Most areas suitable for growing the oil crop are key habitats for primates, a study suggests.
The researchers, who are examining palm oil's possible effect on Africa's biodiversity, say consumers can help by choosing sustainably-grown palm oil.
This may mean paying more for food, cosmetics and cleaning products that contain the oil, or limiting their use.
"If we are concerned about the environment, we have to pay for it," said Serge Wich, professor of primate biology at Liverpool John Moores University, and leader of the study.
"In the products that we buy, the cost to the environment has to be incorporated."
What is palm oil?
Palm oil comes from the oil palm tree, which is native to West Africa. However, most palm oil is currently grown in Indonesia and Malaysia.
Environmentalists say the region's forests have paid the price, with native trees cut down to make way for palm trees.
Oil palm expansion is a major driver of deforestation, which in turn threatens wildlife, such as the critically endangered orangutan of Borneo.
However, the International Union for Conservation of Nature (IUCN) says replacing palm oil with other oil crops is not a solution, as these crops have lower yields and would take up more land.
They say to reduce the impact on biodiversity, palm oil needs to be produced more sustainably by avoiding deforestation and by reducing the use of palm oil in products other than food.
Palm oil is found in many supermarket products, including soaps and cosmetics. A huge amount is now also being used in biofuel.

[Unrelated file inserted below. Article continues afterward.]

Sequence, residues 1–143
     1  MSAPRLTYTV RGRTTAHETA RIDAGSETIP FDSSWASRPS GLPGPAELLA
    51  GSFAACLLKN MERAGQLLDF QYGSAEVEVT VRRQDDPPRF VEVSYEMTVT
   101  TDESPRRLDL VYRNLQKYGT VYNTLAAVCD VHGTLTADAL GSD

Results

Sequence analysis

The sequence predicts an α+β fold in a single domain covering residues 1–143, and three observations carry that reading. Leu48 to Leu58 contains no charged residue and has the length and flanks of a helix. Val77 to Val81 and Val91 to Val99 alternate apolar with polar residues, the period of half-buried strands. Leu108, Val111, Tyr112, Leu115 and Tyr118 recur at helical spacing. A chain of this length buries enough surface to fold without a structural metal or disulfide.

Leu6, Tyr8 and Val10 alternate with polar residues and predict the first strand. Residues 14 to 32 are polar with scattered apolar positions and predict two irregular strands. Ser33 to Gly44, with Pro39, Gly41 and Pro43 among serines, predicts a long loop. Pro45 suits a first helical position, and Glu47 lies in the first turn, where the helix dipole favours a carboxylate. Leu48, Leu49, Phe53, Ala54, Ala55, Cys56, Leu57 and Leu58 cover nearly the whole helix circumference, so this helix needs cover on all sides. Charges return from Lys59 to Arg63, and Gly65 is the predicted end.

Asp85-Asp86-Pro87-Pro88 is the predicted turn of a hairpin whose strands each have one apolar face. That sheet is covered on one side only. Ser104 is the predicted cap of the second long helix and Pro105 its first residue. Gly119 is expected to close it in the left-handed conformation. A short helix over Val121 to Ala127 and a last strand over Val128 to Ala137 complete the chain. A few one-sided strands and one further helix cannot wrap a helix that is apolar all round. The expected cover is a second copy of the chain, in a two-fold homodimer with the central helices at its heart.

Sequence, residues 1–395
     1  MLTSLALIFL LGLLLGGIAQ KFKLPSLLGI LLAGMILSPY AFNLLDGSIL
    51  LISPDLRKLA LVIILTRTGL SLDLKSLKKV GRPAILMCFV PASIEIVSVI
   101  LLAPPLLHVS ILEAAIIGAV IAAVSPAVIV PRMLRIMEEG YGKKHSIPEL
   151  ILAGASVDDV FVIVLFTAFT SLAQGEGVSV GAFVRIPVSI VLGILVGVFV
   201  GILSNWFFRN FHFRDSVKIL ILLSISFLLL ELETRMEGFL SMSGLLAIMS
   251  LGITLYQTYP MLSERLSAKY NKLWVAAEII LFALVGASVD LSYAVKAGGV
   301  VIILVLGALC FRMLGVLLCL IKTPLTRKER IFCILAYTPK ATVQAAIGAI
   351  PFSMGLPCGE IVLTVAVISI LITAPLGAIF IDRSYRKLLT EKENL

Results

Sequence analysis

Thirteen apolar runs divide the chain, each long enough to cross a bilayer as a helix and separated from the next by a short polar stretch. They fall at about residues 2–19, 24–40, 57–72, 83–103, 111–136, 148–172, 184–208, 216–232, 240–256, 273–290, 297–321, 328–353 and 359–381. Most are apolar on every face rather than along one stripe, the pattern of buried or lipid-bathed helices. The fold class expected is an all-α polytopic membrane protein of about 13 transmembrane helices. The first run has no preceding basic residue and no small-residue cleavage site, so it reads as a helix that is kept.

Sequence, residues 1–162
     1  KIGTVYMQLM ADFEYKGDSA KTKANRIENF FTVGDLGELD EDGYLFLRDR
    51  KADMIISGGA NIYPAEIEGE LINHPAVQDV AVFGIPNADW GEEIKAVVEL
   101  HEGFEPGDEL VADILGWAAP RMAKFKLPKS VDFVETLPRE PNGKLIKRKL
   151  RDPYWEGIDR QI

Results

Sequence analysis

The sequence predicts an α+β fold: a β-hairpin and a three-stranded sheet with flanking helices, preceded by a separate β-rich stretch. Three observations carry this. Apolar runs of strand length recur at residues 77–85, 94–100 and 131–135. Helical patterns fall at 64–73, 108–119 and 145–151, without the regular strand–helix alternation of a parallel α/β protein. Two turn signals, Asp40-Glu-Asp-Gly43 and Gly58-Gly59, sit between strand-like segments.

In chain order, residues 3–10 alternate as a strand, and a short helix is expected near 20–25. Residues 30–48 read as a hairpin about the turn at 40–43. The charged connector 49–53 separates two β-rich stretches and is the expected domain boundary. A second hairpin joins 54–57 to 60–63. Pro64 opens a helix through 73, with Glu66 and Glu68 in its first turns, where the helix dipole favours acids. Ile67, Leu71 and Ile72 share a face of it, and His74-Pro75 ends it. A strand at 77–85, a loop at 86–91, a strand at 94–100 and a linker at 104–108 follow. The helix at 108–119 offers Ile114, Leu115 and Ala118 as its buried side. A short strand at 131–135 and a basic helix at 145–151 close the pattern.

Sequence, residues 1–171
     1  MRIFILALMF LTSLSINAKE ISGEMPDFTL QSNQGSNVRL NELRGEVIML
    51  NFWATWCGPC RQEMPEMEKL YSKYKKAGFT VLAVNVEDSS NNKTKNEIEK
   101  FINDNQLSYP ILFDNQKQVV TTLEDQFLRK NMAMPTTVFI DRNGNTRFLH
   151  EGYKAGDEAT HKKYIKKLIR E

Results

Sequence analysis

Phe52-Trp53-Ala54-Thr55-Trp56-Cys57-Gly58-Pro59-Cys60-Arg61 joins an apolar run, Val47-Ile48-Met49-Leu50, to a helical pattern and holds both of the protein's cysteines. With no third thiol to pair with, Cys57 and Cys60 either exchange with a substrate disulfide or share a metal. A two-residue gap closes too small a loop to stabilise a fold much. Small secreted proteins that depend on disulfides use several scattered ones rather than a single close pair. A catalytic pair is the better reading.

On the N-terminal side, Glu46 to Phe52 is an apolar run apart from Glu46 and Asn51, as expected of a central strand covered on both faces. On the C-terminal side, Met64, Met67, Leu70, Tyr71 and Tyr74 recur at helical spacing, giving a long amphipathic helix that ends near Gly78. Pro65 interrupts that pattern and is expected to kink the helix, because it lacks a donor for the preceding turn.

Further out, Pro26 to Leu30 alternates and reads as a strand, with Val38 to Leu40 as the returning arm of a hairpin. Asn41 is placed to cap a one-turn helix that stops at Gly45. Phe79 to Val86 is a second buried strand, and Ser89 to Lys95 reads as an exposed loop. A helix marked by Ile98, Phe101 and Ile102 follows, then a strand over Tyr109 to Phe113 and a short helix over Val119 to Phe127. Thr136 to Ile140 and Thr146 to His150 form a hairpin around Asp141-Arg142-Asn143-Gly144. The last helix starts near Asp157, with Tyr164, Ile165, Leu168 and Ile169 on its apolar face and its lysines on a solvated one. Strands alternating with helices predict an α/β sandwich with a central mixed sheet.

Where is further expansion likely?
Many companies growing palm oil are looking to expand into Africa.
This is a worry for conservationists, as potential plantation sites are in areas of rich biodiversity.
They are particularly worried about Africa's primates. Nearly 200 primate species are found in Africa, many of which are already under threat.
Habitat destruction is one of the main reasons why all great apes are at the edge of extinction. The introduction of palm oil plantations to Africa is expected to accelerate the habitat loss.
The latest research is published in the journal Proceedings of the National Academy of Sciences (PNAS).
The study found that while oil palm cultivation represents an important source of income for many tropical countries, there are few opportunities for compromise by growing palm oil in areas that are of low importance for primate conservation.
"We found that such areas of compromise are very rare throughout the continent (0.13 million hectares), and that large-scale expansion of oil palm cultivation in Africa will have unavoidable, negative effects on primates," said the research team.
To put that figure into context, 53 million hectares of land will be needed by 2050 to grow palm oil in order to meet global demand.
Dr Giovanni Strona of the European Commission Joint Research Centre in Ispra, Italy, worked on the study.
He said primates are already in steep decline in Africa due to habitat loss and poaching.
"The main message is that, due to the large overlap between areas that are suitable to grow oil palm and areas that host many vulnerable primates, it will be extremely challenging to reconcile oil palm expansion and African primate conservation," he explained.
What can be done to tackle the problem?
The IUCN says effective policies are needed to stop the clearing of native tropical forests for new oil palm plantations.
In existing oil palm plantations, companies should manage their land to reduce impacts on biodiversity.
Consumers can also help by choosing products that use sustainable palm oil and cutting down on the amount of palm oil they buy.
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